It’s the company best known for its moving Christmas adverts and for dubbing its employees ‘partners’, but will John Lewis now become known as the first major corporate to speak up on inadequate literacy skills among adult workers?
This week, the company’s chair, Sharon White, has said literacy lessons will now be provided to staff, in a bid to make up for failings in the education system.
While it may have been a huge headline grabber in the UK, and sparked no end of social media debate, should we really have been so surprised that an employer of this scale might conclude that more educational development and support was needed for many of its recruits?
Sadly, we don’t think so.
With our business rooted in recognising inadequate literacy levels, and in seeing the progressive impact throughout school lives and beyond, we know only too well how frustrated and concerned a great number of employers have been for many years.
Indeed, according to the National Literacy Trust, some 16.4% of adults (around 7 million) in the UK have ‘very poor literacy skills’.
So while this all points to the ‘problem’, what should be regarded as the solution, particularly at a time of such seismic change in the way in which businesses are operating day to day, and when companies will be desperate to claw themselves back into profitability post-pandemic.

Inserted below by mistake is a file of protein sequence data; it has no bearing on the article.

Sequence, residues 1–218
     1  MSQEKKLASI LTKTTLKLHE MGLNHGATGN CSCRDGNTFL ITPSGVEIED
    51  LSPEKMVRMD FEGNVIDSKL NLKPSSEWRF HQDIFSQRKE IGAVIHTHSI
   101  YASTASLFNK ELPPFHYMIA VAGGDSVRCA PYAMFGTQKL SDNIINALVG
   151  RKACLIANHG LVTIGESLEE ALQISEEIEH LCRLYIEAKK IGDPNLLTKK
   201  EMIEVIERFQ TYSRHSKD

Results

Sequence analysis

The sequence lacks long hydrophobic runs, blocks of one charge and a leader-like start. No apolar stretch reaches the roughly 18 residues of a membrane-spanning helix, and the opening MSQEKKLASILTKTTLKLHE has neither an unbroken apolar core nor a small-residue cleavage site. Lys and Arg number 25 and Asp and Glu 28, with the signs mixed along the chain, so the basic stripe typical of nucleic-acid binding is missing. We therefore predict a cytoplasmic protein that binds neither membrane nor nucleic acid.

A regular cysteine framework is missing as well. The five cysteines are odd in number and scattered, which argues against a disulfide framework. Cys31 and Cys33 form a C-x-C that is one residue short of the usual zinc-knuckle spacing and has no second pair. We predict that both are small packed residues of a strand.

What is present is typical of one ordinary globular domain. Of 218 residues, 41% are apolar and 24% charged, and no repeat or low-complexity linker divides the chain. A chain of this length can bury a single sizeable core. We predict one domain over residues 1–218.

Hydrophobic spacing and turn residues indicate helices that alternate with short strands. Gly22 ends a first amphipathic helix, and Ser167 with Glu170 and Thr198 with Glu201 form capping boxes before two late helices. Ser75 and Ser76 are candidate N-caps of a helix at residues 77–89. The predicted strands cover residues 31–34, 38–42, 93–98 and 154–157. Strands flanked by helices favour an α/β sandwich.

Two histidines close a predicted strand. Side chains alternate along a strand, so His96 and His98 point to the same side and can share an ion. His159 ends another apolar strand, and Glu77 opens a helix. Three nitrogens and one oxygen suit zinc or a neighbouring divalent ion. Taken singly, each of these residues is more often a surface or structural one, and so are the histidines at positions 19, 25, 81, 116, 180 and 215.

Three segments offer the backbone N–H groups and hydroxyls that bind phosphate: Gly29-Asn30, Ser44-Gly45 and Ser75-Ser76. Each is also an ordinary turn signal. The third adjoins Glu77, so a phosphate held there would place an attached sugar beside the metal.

First, business leaders need to recognise that there is likely to be a sub-standard level of literacy knowledge among some of its current workforce, and that only by aiding development of skills will they get the full potential from their staff.
While it might make bosses feel slightly better to moan that the school system is not doing a good enough job, it really gets us nowhere, and instead requires leaders to be on the front foot about identifying where employees need more help, and what they can do about that.
Our strong belief is also that schools, colleges and employers need to do more to share learnings with one another and to continuously build conversations and partnerships around how they can better prepare young people for the workplace.
In practical terms, adopting literacy learning packages designed for adult employees provides a great kickstart solution for firms.
This is perhaps even more critical in an age where increasing numbers of staff won’t be sat in an office alongside colleagues and able to learn with the guidance of fellow staff.
Our literacy programmes are perfect examples of the kind of tool which allows adults to make literacy gains quickly and independently. Designed with the adult learner in mind so as not to patronise or belittle.
And finally, key to the successful development of any education effort in the workplace, is to remember how debilitating a culture of shame or blame can and will be for all concerned.
Getting the best from a staff member who is currently struggling, should be more about agreeing a mutually agreed pathway of support and development, than allowing them to feel attacked for a skills lack they may have experienced to date.